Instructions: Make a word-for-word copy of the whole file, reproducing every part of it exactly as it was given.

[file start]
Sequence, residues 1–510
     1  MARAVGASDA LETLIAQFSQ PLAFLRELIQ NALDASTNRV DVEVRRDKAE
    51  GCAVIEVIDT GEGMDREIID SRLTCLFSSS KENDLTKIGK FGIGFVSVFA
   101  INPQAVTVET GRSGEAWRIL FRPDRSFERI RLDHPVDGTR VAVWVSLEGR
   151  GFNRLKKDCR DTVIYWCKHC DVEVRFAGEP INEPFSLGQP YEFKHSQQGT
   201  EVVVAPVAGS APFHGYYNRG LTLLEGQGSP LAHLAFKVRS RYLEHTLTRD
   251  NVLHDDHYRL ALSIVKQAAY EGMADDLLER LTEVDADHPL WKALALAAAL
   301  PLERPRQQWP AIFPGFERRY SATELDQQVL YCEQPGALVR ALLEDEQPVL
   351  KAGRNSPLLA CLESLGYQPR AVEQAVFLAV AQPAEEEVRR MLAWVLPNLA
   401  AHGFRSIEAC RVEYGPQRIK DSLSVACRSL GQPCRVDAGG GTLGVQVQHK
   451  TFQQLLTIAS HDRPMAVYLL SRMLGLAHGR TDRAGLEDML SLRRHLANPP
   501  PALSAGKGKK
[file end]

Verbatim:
Sequence, residues 1–510
     1  MARAVGASDA LETLIAQFSQ PLAFLRELIQ NALDASTNRV DVEVRRDKAE
    51  GCAVIEVIDT GEGMDREIID SRLTCLFSSS KENDLTKIGK FGIGFVSVFA
   101  INPQAVTVET GRSGEAWRIL FRPDRSFERI RLDHPVDGTR VAVWVSLEGR
   151  GFNRLKKDCR DTVIYWCKHC DVEVRFAGEP INEPFSLGQP YEFKHSQQGT
   201  EVVVAPVAGS APFHGYYNRG LTLLEGQGSP LAHLAFKVRS RYLEHTLTRD
   251  NVLHDDHYRL ALSIVKQAAY EGMADDLLER LTEVDADHPL WKALALAAAL
   301  PLERPRQQWP AIFPGFERRY SATELDQQVL YCEQPGALVR ALLEDEQPVL
   351  KAGRNSPLLA CLESLGYQPR AVEQAVFLAV AQPAEEEVRR MLAWVLPNLA
   401  AHGFRSIEAC RVEYGPQRIK DSLSVACRSL GQPCRVDAGG GTLGVQVQHK
   451  TFQQLLTIAS HDRPMAVYLL SRMLGLAHGR TDRAGLEDML SLRRHLANPP
   501  PALSAGKGKK